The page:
Where the premises is a business premises, the landlord has a mandatory obligation to make sure that he does not do that which will result in loss of profit to the tenant (whether by way of an action or inaction). In particular, the landlord must not obstruct his tenant’s access and that of the tenant’s clients, and customers to the premises, he must put in reasonable efforts to prevent or remove any disruption to the property which is capable of resulting in loss of profit to the tenant, he must rectify within the shortest possible time any breakdown of plant or equipment under his care and maintenance, and he must also maintain or repaint the exterior of the common parts of the building (s). Any landlord reading this must be reminded that the landlord’s duties in respect of a business society are mandatory and cannot be moderated by Tenancy Agreement.      

Rights of a Landlord:

The rights of the landlord includes the right to receive rents from the tenant as at when due, and a restricted right to inspect the premises after a written notice has been given to that effect notifying the tenant about the proposed inspection. The inspection may be carried out at any reasonable hour of the day time only, and can be carried out for limited purposes including; to view the condition of the premises, and to carry out repairs in necessary parts of the building. 

In the event that the tenant does not observe any of his duties or obligations, the landlord has a right to engage a lawyer to institute court action to end the tenancy and repossess the premises. Before a landlord can do this, he must be sure that there is no portion of the Agreement or law stating otherwise, and that necessary notices have been given to the tenant to leave the premises and he has refused. 

Where a landlord exercises his right to go to court, he may ask the court to order the tenant to pay him rent that are unpaid but which have become ripe/due for payment prior to commencing the action in court, and he can further claim the value of rent for the premises per day until the tenant leaves the premises.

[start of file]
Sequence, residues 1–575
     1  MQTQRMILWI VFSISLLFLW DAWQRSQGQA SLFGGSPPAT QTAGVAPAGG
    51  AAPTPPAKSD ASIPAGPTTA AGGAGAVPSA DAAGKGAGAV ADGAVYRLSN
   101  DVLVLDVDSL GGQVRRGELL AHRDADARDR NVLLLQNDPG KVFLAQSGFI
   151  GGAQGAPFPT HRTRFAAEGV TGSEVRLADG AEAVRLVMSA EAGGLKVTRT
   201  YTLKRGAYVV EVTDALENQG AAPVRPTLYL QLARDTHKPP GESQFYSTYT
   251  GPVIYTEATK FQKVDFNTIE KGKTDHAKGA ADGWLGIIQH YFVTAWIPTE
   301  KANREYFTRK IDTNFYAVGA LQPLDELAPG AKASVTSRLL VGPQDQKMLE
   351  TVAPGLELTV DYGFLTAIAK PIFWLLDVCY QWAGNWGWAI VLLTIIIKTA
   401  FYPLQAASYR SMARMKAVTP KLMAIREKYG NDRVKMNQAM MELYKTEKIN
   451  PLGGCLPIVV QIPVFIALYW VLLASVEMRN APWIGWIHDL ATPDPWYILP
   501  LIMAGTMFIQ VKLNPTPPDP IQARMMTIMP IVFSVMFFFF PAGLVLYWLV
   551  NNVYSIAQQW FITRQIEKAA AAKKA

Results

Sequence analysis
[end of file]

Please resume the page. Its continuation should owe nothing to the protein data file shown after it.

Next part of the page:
Words of Advice to Landlords:

The popular notion is that where a tenant renews his rent yearly, he will be entitled to six months notice before he can be ejected, but this notion is only true where a landlord fails to prepare a written agreement to regulate the length of notice that he desires to give the tenant. In order words, the length of notice will be regulated by the law in the absence of an agreement stating otherwise.

The benefit of preparing a written agreement in a tenancy relationship cannot be overstated. From my years of experience in managing properties and facilities, I have discovered that the first duty of every landlord is to make sure that his tenants have written agreements to guide his relationship with the tenants. This is essential because the law allows the landlord and tenant by way of a tenancy agreement to regulate their relationship in the areas of each person’s obligations, and length of notice to terminate the tenancy relationship. A landlord that therefore wishes to safe himself some headaches may choose to regulate a substantial part of the tenancy relationship by way of an Agreement and the best way to do this is to consult a competent lawyer for proper guidance.